UP Elections: BJP ‘Losing’ Steam in Meerut, Wind Blowing in SP’s ‘Favour’
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The Samajwadi Party (SP) alliance has an “edge” over the Bharatiya Janata Party (BJP) in most of the seven Assembly seats in the Meerut district due to the “unfulfilled promises made to voters in the 2017 elections”, believes professor GR Malik.
A resident of Ganga Nagar, Malik feels except for close contests in Meerut Cantonment and Meerut South that may produce unexpected results, the SP has a clear advantage in Kithore, Meerut, Siwalkhas, Hastinapur and Sardhana. In the 2017 elections, the BJP won six seats with the SP’s Rafiq Ansari bagging only Meerut city.
“Almost all sections of society are turning away from the BJP because the promises made to develop the city and rural areas were never fulfilled. The situation has, in fact, worsened,” Malik tells Newsclick pointing out the “acute shortage of basic necessities” and “the lack of development after Yogi [Adityanath] came to power”.
Whatever roads or health infrastructure “you see in the city and rural areas were built by the Akhilesh [Yadav] government. There has been no progress since then”, Malik adds.
There is a huge shortage of doctors and health workers at the PL Sharma Hospital and the Meerut Medical College, established in 1909 and 1966 respectively, according to Malik. “The medical centres set up by the SP government by combining four to five villages have neither doctors nor other staff and are usually overcrowded. The villagers have no option but to go to private hospitals, which charge exorbitant fees.”
Meerut comprises three tehsils, six CD blocks, 604 villages and 18 towns. Out of its total population of more than 34 lakh, Hindus are 63.40% and Muslims 34.43%. The city is well-connected via road, rail and air, which has helped in the promotion of industries, like sports goods, scissors, musical instruments, sugar, tyres and pharmaceutical products.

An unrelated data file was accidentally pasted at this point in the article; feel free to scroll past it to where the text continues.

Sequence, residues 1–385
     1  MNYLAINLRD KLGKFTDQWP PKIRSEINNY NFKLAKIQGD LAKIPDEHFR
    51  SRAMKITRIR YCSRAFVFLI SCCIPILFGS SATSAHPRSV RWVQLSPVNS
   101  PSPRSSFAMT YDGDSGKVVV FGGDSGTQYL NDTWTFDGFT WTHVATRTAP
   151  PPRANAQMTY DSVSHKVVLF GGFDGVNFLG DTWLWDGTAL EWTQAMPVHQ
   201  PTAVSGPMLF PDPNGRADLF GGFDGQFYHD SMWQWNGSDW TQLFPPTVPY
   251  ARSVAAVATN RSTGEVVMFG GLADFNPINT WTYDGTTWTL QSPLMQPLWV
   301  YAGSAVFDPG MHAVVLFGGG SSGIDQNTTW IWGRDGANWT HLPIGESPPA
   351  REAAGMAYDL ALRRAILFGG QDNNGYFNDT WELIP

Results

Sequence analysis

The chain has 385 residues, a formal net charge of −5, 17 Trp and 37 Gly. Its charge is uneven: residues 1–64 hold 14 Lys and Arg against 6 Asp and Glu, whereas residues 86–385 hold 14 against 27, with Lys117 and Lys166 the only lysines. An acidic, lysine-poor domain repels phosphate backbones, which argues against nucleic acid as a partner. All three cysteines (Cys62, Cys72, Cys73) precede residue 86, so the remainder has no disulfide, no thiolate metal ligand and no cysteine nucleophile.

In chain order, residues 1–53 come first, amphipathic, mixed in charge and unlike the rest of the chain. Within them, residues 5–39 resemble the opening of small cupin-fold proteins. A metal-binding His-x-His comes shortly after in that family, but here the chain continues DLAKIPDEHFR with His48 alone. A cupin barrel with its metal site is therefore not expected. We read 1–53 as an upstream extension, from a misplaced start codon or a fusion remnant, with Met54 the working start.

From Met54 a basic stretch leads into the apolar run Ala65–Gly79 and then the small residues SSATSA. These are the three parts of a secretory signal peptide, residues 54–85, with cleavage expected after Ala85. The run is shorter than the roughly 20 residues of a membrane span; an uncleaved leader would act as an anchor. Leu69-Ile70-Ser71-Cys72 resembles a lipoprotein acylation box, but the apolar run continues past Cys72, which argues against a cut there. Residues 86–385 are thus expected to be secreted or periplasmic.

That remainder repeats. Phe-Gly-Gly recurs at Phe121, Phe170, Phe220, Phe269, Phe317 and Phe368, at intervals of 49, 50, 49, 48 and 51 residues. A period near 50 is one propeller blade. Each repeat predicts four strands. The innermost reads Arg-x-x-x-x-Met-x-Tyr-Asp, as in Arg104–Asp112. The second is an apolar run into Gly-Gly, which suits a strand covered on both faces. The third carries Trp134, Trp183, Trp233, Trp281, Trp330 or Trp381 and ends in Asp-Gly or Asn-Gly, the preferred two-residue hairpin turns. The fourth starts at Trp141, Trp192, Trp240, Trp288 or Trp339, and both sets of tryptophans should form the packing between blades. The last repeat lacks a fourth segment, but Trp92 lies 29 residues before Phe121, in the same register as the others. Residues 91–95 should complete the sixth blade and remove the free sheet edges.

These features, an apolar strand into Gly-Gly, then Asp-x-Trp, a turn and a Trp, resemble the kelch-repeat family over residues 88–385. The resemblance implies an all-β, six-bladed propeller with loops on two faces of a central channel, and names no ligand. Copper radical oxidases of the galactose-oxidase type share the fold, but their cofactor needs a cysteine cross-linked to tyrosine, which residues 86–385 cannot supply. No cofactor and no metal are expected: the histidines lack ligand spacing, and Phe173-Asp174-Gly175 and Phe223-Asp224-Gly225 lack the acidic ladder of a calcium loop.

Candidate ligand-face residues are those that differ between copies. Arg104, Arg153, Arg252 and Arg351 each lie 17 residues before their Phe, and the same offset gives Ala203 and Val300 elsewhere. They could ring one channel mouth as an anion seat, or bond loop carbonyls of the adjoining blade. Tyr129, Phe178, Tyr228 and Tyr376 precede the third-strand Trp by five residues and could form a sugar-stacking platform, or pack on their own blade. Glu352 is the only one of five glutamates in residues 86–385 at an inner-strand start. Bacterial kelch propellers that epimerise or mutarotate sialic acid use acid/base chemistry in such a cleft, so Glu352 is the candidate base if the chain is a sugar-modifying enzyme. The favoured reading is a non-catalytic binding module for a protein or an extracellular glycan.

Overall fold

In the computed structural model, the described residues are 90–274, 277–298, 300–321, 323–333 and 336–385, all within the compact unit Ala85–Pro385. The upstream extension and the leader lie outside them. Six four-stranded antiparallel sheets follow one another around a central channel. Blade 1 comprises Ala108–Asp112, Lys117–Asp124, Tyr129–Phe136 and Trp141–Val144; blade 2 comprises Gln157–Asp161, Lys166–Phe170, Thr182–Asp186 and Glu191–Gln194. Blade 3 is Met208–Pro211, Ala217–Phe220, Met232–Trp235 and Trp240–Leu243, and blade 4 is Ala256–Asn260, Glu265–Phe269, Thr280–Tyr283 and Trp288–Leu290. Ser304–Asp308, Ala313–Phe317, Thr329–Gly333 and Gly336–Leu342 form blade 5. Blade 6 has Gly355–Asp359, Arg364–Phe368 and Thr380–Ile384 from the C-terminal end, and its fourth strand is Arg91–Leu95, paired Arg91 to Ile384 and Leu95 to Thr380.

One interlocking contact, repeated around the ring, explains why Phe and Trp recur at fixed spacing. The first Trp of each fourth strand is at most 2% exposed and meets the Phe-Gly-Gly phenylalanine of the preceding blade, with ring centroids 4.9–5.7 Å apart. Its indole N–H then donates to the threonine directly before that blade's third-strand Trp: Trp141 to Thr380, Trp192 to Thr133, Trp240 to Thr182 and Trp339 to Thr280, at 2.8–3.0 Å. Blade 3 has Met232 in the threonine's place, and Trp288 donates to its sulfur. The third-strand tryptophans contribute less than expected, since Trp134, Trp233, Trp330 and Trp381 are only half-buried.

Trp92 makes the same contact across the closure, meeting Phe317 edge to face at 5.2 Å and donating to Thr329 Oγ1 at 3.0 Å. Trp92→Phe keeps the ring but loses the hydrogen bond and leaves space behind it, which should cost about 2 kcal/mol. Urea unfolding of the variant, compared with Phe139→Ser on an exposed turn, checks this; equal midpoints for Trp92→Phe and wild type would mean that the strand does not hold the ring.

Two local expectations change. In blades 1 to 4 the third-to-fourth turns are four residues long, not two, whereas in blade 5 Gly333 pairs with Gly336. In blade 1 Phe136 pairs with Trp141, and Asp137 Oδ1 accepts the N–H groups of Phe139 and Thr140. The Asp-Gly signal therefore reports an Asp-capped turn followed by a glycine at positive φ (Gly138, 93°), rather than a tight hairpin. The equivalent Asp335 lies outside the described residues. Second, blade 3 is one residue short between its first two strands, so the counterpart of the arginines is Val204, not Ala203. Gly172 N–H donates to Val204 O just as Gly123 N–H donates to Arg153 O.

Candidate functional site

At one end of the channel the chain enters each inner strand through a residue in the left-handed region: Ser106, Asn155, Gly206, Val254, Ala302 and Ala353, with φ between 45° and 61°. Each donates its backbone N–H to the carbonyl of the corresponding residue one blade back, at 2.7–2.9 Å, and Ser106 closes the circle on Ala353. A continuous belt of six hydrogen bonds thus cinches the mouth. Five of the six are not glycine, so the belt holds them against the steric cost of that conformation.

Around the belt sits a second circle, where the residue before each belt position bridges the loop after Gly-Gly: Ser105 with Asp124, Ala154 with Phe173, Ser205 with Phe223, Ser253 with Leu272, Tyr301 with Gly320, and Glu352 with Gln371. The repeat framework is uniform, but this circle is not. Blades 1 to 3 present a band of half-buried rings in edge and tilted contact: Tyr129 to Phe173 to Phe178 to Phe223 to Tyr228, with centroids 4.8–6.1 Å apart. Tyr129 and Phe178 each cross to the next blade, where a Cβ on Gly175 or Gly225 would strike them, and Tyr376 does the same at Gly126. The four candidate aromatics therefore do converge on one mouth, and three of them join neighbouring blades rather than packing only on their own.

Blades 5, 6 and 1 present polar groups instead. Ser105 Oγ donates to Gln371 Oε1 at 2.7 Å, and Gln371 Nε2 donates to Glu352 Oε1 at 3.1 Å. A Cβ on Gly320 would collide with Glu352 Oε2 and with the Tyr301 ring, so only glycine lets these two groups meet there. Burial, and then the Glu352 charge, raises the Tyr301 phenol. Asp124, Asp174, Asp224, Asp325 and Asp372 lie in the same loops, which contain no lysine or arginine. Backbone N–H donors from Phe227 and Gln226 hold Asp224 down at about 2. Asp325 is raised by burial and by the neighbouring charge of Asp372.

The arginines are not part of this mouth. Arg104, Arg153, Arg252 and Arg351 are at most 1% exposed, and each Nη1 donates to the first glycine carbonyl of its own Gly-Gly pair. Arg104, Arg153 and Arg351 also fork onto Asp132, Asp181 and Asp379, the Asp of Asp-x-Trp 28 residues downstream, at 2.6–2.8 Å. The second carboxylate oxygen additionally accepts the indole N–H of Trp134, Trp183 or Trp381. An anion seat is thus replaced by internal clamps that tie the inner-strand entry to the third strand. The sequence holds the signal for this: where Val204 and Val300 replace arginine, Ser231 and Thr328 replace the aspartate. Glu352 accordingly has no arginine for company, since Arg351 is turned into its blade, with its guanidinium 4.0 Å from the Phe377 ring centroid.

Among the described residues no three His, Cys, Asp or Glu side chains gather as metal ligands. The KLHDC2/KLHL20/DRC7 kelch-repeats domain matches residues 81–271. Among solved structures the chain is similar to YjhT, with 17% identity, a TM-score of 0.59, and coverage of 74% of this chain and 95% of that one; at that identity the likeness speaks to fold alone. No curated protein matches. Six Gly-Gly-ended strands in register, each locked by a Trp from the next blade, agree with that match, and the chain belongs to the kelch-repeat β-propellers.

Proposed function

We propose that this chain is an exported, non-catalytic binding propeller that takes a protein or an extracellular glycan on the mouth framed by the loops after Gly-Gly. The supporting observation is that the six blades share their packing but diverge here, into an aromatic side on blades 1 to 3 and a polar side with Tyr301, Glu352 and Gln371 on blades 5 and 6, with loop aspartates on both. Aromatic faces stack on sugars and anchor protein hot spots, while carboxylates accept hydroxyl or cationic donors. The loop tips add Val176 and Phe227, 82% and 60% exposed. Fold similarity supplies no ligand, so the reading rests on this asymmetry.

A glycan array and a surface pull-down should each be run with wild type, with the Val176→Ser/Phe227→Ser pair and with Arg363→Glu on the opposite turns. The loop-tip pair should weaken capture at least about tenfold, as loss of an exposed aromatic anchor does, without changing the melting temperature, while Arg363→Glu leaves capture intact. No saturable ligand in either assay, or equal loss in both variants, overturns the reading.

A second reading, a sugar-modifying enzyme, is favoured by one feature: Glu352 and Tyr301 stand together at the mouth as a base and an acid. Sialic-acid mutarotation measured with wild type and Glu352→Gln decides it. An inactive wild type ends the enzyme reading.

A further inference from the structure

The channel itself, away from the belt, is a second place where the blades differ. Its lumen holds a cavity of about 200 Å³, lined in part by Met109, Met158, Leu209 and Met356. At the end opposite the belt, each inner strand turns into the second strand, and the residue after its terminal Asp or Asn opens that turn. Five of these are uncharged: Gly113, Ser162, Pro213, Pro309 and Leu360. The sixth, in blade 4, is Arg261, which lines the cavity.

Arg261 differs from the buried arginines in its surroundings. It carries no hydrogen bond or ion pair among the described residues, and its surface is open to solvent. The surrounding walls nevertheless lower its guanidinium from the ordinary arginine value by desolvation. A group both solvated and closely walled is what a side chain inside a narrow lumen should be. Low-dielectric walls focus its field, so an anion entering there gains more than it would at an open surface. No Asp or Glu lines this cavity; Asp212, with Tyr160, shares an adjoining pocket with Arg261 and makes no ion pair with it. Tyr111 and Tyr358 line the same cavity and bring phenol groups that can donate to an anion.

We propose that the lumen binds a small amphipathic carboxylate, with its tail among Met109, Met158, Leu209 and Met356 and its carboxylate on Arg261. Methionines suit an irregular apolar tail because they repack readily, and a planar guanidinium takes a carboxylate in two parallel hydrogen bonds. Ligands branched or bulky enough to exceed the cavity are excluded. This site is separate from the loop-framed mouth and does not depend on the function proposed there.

Sunil Sharma, a Life Insurance Corporation of India development officer, too believes that the BJP will “lose most of the seats” in Meerut. A former member of the Rashtriya Swayamsevak Sangh-affiliated Akhil Bharatiya Vidyarthi Parishad, he said that the political situation in the state has “changed and the common people—whether farmers, labourers or workers—have turned against the BJP mainly due to the farmers movement, which was successful in the rural areas of Meerut”.
Nadeem (name changed), a resident of Meerut city, believes that the movement has “united the farmers and all the communities against the politics of Hindutva”. “Restoration of the old pension scheme, 300 units of free electricity and arresting the rise in prices of essential items have become big issues in the state. The SP alliance has promised restoration of the old pension scheme and 300 units of free electricity if it comes to power,” he says.
Claiming that the political situation in the state would be reversed following the movement’s impact, Nadeem says, “Jats, Muslims, OBCs and Dalits in large numbers have decided to defeat the BJP. Farmer leaders associated with the movement are also urging people not to vote on caste or religious lines and analyse why they suffered in recent years.”
Ravikant, president, Shoshit Kranti Dal, who is quite vocal about Dalit issues and plays a major role in the movement against the land mafia, says both the rural and urban population of Meerut is “very angry” with the BJP government’s style of functioning. “The condition of the roads in Meerut is very poor with frequent jams. Cancer patients face severe difficulties due to lack of a radiotherapy machine at the medical college.”
Alleging “an atmosphere of anarchy in the state and unabated police and mafia repression against the poor”, Ravikant says,” “The authorities ignore the voice of the poor. Women who are harassed, especially dowry victims, never get justice. Shoshit Kranti Dal raises its voice against the oppression of women and keeps fighting against the administration to get them justice.”
Ravikant alleged that “the fundamental rights of the people are being trampled upon. The youth is very angry with inflation and unemployment being their biggest concerns”.
“Fearing that another Yogi government could reverse job reservations, Dalit youths are banking on the SP alliance. Several Dalits could vote for the SP alliance because they feel that the BSP is not in a strong position,” says Ravikant, who believes that if the alliance comes to power, “it will create employment opportunities and also increase reservation”.
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